- Wendy Weng
- Issue Time
- Aug 18,2021
No one is going to punish these non-minimalist liars out there claiming that their products are given a minimalist design when in fact any resulting minimalism was designed by someone else long ago.
As consumers, we must be aware that information on the internet exists in a modern day Wild West without many laws and fewer enforcers. Only by publicly shaming offending companies does much seem to get done these days. Though, trial by anonymous citizens via social media platforms has its serious social and cooperative drawbacks as well.
Don’t let many of today’s “minimalist” design watches out there turn you off to the genre. In a sense even watches like the mighty Rolex Submariner feature a minimalist design. Can you point to anything on the watch that doesn’t have functional value? The Submariner doesn’t often get categorized as a minimalist watch because it isn’t a simple watch – and unfortunately today people are so keen on simple things. I can’t claim to know why that is, but I do know that manufacturers love it because simple things tend to be cheap to make.
Decorative watches are by definition the type of product at the other end of the timepiece design spectrum from minimalist watches. Decorative watches are specifically intended to take a minimalist watch and then add extra effort and messaging value on top of it. Decorative watches don’t just celebrate the form and purpose of the object, but use the object as a palette to include additional artistic or status-implying messages. In the world of luxury objects like fine timepieces, consumers can still find items with decorative as well as functional value. The lay consumer typically has much of an opportunity to choose between decorated and non-decorated items. Thus, the discussion of preferring minimalist versus decorative objects is more immediately salient when discussing an object like luxury wristwatches.
This also brings up another term which misusers of “minimalism” tend to also say liberally; “luxury.” Yes, the consumer product and service industry’s favorite term “luxury” isn’t actually luxury unless it is actually precious and exclusive. Think you can get “real luxury for less?” Think again. Maybe you can get something nice for a lower price, but from a socioeconomic perspective, luxury needs to be expensive or otherwise hard to get – otherwise it isn’t luxury. Similarly, merely calling something minimalist doesn’t make it minimalist. Anyone with a minimalist design product needs to demonstrate what they actually accomplished in the design. Any timepiece or product for that matter which uses its design as a selling point should provide compelling evidence that effort was actually invested in the development of that design.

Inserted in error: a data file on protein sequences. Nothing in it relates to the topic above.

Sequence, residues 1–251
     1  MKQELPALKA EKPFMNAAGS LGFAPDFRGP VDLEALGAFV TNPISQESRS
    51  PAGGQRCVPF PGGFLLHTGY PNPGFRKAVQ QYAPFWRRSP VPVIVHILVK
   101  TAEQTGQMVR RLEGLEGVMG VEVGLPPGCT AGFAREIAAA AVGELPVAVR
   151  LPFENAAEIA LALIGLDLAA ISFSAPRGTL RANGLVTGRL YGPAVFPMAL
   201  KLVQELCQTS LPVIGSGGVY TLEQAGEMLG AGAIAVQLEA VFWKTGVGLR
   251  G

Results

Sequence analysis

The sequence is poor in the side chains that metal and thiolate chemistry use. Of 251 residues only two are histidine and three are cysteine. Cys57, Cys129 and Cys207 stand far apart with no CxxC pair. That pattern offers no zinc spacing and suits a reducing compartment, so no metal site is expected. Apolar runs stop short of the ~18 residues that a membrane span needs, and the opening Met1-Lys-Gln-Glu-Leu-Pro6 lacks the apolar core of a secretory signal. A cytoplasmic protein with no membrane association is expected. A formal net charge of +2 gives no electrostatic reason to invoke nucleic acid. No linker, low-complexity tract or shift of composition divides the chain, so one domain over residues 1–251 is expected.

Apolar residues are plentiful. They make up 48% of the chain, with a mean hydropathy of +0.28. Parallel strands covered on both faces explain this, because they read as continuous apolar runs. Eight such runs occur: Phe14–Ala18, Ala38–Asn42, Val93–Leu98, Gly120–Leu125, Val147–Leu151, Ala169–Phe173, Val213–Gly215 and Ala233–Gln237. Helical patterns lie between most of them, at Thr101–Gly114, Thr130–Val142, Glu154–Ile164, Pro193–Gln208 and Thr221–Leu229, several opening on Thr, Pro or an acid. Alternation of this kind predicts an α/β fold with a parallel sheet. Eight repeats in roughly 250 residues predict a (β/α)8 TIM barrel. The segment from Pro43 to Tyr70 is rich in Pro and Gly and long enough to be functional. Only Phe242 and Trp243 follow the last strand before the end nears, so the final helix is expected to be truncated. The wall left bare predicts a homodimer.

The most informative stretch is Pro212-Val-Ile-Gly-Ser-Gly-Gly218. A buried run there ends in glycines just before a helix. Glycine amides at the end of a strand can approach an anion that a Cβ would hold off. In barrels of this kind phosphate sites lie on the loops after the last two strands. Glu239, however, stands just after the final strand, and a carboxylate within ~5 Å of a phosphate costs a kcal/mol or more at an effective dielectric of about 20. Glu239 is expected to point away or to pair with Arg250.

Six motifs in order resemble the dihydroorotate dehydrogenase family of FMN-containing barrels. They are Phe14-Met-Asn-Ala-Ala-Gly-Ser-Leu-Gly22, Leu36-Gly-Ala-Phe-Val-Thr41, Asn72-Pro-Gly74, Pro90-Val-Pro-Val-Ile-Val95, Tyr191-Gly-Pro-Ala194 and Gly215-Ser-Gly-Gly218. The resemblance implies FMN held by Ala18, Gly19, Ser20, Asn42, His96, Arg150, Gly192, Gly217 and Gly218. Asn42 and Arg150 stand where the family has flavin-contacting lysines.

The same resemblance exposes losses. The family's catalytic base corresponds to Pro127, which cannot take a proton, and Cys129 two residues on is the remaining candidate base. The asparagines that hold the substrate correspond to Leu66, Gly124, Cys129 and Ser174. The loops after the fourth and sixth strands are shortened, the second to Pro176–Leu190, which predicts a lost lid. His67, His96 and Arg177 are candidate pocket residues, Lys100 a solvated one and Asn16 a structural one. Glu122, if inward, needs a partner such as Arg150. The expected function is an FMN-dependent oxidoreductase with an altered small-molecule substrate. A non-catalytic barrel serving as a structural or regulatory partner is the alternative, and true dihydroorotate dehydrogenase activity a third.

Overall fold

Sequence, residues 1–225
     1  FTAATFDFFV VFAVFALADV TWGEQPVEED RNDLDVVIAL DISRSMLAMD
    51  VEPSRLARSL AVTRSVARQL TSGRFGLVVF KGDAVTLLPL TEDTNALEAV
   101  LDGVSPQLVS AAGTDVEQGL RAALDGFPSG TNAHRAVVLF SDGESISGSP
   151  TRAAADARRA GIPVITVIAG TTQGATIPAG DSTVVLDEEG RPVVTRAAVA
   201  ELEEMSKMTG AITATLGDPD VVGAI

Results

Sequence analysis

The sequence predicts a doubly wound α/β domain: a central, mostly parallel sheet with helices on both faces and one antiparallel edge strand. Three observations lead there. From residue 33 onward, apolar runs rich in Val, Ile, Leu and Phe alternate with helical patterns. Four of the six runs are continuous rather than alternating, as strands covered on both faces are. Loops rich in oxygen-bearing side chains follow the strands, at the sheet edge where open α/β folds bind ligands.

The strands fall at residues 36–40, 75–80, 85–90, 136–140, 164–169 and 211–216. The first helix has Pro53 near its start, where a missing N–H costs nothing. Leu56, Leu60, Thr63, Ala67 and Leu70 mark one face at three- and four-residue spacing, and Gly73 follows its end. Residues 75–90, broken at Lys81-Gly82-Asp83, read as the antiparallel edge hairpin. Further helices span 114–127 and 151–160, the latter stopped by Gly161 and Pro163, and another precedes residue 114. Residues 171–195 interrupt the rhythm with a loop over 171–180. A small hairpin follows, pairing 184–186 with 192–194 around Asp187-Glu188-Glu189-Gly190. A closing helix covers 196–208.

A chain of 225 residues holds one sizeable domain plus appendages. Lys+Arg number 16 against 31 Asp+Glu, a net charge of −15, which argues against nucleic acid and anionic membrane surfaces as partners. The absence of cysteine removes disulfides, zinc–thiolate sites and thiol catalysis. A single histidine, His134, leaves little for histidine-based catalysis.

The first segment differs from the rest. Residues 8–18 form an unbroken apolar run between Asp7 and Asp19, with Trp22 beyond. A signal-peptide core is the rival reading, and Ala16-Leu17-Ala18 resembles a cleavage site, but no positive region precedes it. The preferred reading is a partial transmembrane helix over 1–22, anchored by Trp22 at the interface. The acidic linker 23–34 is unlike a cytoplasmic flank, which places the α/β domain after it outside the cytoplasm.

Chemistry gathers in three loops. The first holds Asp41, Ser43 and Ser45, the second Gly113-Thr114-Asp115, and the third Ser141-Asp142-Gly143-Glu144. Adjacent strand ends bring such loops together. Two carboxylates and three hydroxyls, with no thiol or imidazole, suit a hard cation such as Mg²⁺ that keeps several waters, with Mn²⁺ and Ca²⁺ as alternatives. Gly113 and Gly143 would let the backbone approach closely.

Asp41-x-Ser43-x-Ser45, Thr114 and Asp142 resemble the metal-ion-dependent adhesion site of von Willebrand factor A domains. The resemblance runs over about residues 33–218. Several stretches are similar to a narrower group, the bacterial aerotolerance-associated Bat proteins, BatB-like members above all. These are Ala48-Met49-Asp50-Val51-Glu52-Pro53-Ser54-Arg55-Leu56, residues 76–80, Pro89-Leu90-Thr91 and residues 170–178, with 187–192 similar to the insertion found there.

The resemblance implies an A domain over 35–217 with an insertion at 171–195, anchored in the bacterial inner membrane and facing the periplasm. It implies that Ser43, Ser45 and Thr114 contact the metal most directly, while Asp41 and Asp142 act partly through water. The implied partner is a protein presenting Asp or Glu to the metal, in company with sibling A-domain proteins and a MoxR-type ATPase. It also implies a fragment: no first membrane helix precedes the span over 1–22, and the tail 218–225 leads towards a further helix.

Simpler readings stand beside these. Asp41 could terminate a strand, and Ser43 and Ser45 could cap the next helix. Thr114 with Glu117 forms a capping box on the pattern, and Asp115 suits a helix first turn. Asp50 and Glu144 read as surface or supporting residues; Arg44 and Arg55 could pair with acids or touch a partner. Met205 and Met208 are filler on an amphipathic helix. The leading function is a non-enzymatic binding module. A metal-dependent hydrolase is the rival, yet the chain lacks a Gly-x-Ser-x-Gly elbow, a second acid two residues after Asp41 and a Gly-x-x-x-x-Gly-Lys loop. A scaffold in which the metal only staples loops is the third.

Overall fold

More so, for a minimalist design to be noteworthy, it must be original or at least exemplary. If you like minimalist design, as a design lover, you should also have plenty of allegiance to originality. It is no excuse that particular ideas can only be rendered in so many ways. Being minimalist does not absolve any product of the necessary task of telling consumers why it is different or more desirable than other products. If you as a consumer see a timepiece that simply advertises that it is minimalist, never take such a claim at face value unless offered convincing information that advances such claims.
If you are someone who, like me, feels at odds with minimalist design because of too many companies or products misusing the term, you shouldn’t feel that you need to write off the entire category. Good minimalist design has not only helped improve our modern lives, but is often beautiful and emotionally gratifying. Simple watches (or other objects) can offer visual pleasure, but rarely t
Why avoid simple watches? Of course, it is my prerogative to support that people should wear whatever makes them happy. I do however want to repeat my motto that “life is too short to wear boring watches.” Boring watches offer you nothing emotionally or intellectually. They don’t make you feel and they don’t make people who see you feel anything about you. As I state time and time again, people who wear timepieces are wearing a highly visible message (or set of messages) about who they are. What is life if not the messages we share and receive from others? It is my opinion that if you want to wear a watch at all, wear one that has expressive value. Expressive value comes from design, and you owe it to yourself to wear something original – be that a minimalist design or something else entirely.